We are hearing reports of waist high and even shoulder high corn all over the belt. In fact there are reports circulating that corn is starting to “tassel” in parts of southern IL, MO, etc… In other words we could end up getting a larger portion of the crop than normal out of the field early…further reducing risk and adding more supplies to the old-crop balance sheet.
USDA’s Weekly Corn-Conditions: The “GD/EX” rating is moved higher from 75% to 76% and now stands at one of the highest ratings in modern times. Here are the weekly changes: NC down -10%; ND -5%; NE -4%; CO, MI, MN & SD -1%; IN, KY & PA +0%; IA, OH & WI +1%; IL & TN +2%; KS +3%; MO +4%; TX +7%.
Soybean Weekly Crop Conditions: The “GD/EX” rating fell by -1% in the past week and now stands at 73%. Here are the details: MS down -9%; KY -7%; NC -6%; AR -5%; IL, SD, TN & WI -4%; MI & MN -3%; IA-2%; NE -1%; MO +0%; IN & OH +2%; KS +4%
In case you haven’t heard the Qingdao CCFD ponzi investigation is in full-swing and starting to make many in the commodity investment world very nervous. In case that wasn’t enough, Chinese commodities trading firm CITIC is now admitting that over half of its 220,000 tons of aluminum have pulled a “David Copperfield” and vanished. On top of that there is talk that other commodities at the Qingdao port could be missing as well. The fear is as the investigation into the “missing” commodities grow and deepen, traders are going to realize a much larger portion of the so called Chinese “demand” has been fictitious and used exclusively to fuel several elaborate banking schemes. Investigators are trying to determine if various groups have been using the same batches of copper and aluminum stored at the port as collateral to secure multiple loans. The other fear, which is already starting to materialize, is that increased uncertainty and scrutiny of shipments may severely hurt or drastically slow down imports of various commodities. We are already seeing international traders holding back and delaying cotton and copper shipments as they wait for more clear Chinese policies and some type of ruling on the current investigations. We are hearing customs officials are taking anywhere from 15 to 20 days to up to a month to clear shipments of copper cathodes. Earlier, it used to take seven to 10 days. The question being asked is just how much of the Chinese demand was REAL and how much was fabricated to provide collateral in a very smoked filled shadow banking system?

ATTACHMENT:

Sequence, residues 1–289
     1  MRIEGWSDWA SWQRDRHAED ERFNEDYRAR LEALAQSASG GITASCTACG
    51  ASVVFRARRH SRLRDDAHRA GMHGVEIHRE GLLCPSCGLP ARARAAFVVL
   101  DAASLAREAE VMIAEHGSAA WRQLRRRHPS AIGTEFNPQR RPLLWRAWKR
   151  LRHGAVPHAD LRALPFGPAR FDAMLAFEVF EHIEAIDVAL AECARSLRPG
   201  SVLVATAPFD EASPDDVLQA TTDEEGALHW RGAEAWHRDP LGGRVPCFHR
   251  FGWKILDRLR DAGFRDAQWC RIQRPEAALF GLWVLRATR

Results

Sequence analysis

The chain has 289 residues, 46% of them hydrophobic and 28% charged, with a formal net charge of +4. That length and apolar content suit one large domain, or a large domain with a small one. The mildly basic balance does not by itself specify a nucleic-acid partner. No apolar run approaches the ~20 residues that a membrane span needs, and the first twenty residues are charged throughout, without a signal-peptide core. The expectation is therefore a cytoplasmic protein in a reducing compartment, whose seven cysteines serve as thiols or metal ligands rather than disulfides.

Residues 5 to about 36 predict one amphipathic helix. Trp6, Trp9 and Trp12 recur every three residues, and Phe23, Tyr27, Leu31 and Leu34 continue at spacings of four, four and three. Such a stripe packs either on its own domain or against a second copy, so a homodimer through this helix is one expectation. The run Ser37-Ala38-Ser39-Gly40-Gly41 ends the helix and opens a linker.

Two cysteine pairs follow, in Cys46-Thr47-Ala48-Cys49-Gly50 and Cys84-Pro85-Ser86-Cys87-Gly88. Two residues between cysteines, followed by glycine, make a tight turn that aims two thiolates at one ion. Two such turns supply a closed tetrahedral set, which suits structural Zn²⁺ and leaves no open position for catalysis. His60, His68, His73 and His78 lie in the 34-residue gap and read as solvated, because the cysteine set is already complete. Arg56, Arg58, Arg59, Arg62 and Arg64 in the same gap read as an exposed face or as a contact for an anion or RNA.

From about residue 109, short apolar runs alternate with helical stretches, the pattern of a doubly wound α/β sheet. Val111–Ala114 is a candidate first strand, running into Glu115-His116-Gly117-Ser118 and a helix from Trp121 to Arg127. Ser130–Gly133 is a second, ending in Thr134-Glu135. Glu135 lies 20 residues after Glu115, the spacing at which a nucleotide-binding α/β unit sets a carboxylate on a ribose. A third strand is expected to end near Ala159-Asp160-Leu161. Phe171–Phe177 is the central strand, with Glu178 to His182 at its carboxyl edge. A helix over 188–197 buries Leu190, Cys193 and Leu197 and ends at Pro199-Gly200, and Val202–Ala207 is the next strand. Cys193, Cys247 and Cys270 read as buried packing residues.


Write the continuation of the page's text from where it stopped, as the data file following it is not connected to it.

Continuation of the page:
*Pictured below is Qingdao Port, consistently one of the 10-busiest ports in the world.
There are some talks that the trade is setting itself up for the June 30th USDA report in a very similar form and fashion as it did ahead of the year-end Jan 10th USDA report. If you recall, back in early-Jan everybody had aggressively moved over to the bearish side of the boat and was projecting major bearish balance sheet adjustments. This is the same day in January that old-crop corn, the JUL14 contract posted its low of $4.21^6 and new-crop corn, the DEC14 contract, posted its low of the year at $4.35. My point is, who out there isn’t already aware of near ideal growing conditions? Who hasn’t already heard talk of a 170 type yield? Who out there hasn’t heard talk of a US crop being over 14.0 billion bushels? Who out there doesn’t realize that South American and Ukraine suppliers will soon becoming more competitive than the US in the months ahead? Who doesn’t know that global ending stocks could soon reach their highest levels in the past 15-years? Who doesn’t know that China has banned the imports of US corn and is forecasting yet another record domestic crop? Yes, the funds are still long a considerable amount and forced liquidation could certainly cause more blood to be spilled into the streets….but how much more? If I had to guess, perhaps $0.50 cents in new-crop, perhaps even a bit less. I just have a hard time believing corn prices can fall and stay below $3.80 for an extended period considering the world in which we now live. How much better than “ideal” can crop growing conditions get?